The accusers come for Jesus

When the accusers came for him, Jesus offered no resistance. The disciples, even Peter, ran away. Jesus was taken before an assembly of teachers of the law and elders, with the high priest Caiaphas presiding. The authorities deliberately sought false evidence to convict Jesus. Eventually, Caiaphas declared that Jesus had spoken blasphemy. The assembled teachers of the law and elders called for his death and then beat Jesus up for good measure (Matthew 26:47-68).

Peter was hiding out nearby. When he was recognised as one of Jesus’ followers, three separate times he denied knowing Jesus. When the cock crowed, as Jesus had told him it would, Peter recognised his betrayal and wept bitterly. He thought he had missed his chance to stand up for justice, for his Lord. For his friend (Matthew 26:69-75).

The next morning, the chief priests and elders furthered their plans to have Jesus executed. They took him to the head of the occupying force, the Roman governor Pontious Pilate. The governor, probably aware that this was a plot to execute an innocent man, tried to get Jesus to answer the charges. Jesus again remained silent.

So Pilate, who had the authority to release one prisoner during the Passover festival, appealed to the crowd with a choice between releasing Jesus and a well-known criminal, Barabbas. The crowd called for Jesus to be crucified. Pilate – accepting no responsibility for the act – gave the crowd, the priests and elders what they wanted. Although he suspected Jesus was innocent, to refuse would have caused Pilate a lot of trouble (Matthew 27:11-26).

So, an innocent man was stripped, beaten, mocked and publicly executed. Delighted that their plans had succeeded, the chief priests, teachers of the law and elders came to hurl insults and jeer at Jesus as he hung on the cross.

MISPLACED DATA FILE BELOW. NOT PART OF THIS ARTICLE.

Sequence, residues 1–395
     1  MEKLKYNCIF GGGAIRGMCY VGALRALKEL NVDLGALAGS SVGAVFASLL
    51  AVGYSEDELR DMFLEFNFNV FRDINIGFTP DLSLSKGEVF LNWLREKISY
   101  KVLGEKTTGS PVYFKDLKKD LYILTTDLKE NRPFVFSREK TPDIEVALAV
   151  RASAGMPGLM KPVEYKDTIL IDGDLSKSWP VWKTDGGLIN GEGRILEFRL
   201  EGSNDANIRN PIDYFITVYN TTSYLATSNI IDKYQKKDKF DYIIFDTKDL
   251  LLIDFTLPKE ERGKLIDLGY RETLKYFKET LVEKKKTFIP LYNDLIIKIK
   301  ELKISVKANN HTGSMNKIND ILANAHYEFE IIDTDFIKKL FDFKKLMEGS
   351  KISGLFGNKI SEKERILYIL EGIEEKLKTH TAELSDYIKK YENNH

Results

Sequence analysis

When Sunday is a long way off

On Good Friday we are often told, ‘it's Friday, but Sunday’s coming’. It’s a reminder that Jesus did not stay on the cross, nor in his tomb. But it’s important not to fast-forward that moment of ultimate betrayal. Or skip through the whole series of events that led to the worst miscarriage of justice in history. Because injustice is still happening, innocent people suffer and die while powerful people and authorities profit. For many, Sunday is still a long way off.

Some – like the chief priests and elders – don’t just tolerate injustice, they pursue it for their own gain, knowing that what they do is wrong. Others, like Pilate, put up with injustice because it makes life easier for them, even though they have the authority to bring about justice. Many, like Peter the apostle, see injustice happening but feel powerless to do anything to challenge it.

But Peter’s story doesn’t end on Friday either. After Jesus has risen, he seeks out Peter – not for retribution, but for restoration. Jesus shows him, and us, that true justice is about forgiveness and reconciliation. And Peter becomes the rock on which the church is built. Jesus’ followers regroup to tell the story, the good news of Jesus’ resurrection.